Entrepreneurmagazine says agency Huge served as its inspirational spark to fuel the magazine's design pivot towards a marketing perspective.
This exploratory project first started as an experiment on what it means to be a "user-centered publication" in today's business world. As part of this effort, Entrepreneur editor-in-chief Jason Feifer approached Huge after wondering what would happen if a marketing company wrote the cover lines.
"The cover is really a piece of marketing; its job is to sell the magazine," says Feifer. "That means the coverlines aren’t editorial copy. They’re marketing copy."
This original request was designed to serve as a one-off or a gimmick. "I wanted to come in, tell them what would be in the issue, and then have them produce marketing copy for me," he says.
Instead, Huge proposed rethinking the entire cover. "It sounded like an exciting experiment, so I said yes," says Feifer, adding that this momentum and excitement led to an entire redesign.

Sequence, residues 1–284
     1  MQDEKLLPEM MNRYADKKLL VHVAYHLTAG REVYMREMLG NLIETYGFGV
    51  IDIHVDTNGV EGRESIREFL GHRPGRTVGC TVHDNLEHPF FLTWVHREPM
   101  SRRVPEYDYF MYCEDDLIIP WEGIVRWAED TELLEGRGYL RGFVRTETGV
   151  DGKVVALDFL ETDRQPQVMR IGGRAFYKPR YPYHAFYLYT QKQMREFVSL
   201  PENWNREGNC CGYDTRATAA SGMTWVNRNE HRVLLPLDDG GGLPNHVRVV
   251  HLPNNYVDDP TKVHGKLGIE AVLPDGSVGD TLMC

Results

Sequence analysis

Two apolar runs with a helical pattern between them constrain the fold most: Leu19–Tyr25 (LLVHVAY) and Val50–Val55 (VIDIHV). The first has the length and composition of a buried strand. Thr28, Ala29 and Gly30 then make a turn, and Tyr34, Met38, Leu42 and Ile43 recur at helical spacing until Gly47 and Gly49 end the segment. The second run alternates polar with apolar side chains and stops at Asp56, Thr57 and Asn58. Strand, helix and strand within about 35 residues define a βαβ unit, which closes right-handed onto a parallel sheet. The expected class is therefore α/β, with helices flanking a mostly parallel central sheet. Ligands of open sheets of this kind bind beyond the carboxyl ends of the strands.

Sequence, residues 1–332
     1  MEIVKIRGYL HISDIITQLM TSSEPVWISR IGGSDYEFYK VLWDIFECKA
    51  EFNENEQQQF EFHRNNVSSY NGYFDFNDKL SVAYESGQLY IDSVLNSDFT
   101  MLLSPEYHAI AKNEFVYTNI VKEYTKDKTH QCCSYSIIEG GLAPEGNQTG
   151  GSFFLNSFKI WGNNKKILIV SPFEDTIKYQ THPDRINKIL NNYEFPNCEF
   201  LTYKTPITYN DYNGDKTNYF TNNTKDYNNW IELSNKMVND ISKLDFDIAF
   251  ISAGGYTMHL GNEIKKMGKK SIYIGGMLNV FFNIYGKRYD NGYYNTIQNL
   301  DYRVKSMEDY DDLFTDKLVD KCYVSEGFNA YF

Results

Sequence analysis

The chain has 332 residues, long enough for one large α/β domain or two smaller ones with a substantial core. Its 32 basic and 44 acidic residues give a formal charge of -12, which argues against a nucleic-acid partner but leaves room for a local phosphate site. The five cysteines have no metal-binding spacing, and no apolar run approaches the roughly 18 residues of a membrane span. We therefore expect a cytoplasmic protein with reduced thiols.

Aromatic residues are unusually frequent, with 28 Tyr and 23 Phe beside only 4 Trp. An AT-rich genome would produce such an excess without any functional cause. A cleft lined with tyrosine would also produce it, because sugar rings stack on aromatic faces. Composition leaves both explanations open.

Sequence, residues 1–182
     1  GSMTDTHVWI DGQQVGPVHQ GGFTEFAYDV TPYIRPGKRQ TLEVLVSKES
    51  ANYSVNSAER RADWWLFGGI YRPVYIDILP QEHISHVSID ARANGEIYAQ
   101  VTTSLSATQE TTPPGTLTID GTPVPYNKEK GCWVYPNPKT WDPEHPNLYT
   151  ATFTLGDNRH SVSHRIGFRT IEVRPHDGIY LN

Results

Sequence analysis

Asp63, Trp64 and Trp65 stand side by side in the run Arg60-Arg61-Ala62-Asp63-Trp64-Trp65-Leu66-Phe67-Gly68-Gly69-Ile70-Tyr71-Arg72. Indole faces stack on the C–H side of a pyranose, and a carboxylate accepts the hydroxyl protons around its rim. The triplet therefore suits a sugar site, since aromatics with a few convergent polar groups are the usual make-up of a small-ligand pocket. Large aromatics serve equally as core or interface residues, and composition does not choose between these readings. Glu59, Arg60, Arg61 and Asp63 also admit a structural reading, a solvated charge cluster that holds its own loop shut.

The first issue under this makeover diverts from the typical business magazine cover by showing celebrity bar entrepreneur Jon Taffer in a provocative pose and eschews typical cover lines alongside his image. Rather, three blurbs are positioned at the top of the March issue leaving the striking image standing almost as a still photo.
"I was chasing a thought experiment," says Feifer. "Our readers are entrepreneurs; they’re constantly looking at how their businesses operate and asking: 'Why are we doing this?' If the answer is, 'because that’s the way it’s always been done,' then that’s a bad answer—and a reason for change."
For Huge, the challenge was applying advertising principles to the publication design, says a Huge spokesperson. "Journalists and advertisers approach magazine design in very different ways," she says. Advertisers, for instance, are more straight-forward and blunt rather than cutesy and pun-filled. One blurb quotes the Pandora CEO: "I should have fired more people."
Feifer adds that this makeover wasn't sparked by declining circulation, which is steady at 3.1 million readers. Going forward, all upcoming covers will now reflect this redesign. Although the platform's website was originally updated in the fall, it will also be undergoing continued modifications.
"Huge made a point that resonated with everyone here," says Feifer. "Our readers don’t think of themselves as ordinary business people, so they don’t want an ordinary business magazine. We have license to think as differently as they do—to be entrepreneurs. That inspired us to make sure we would never be confused for our competitors."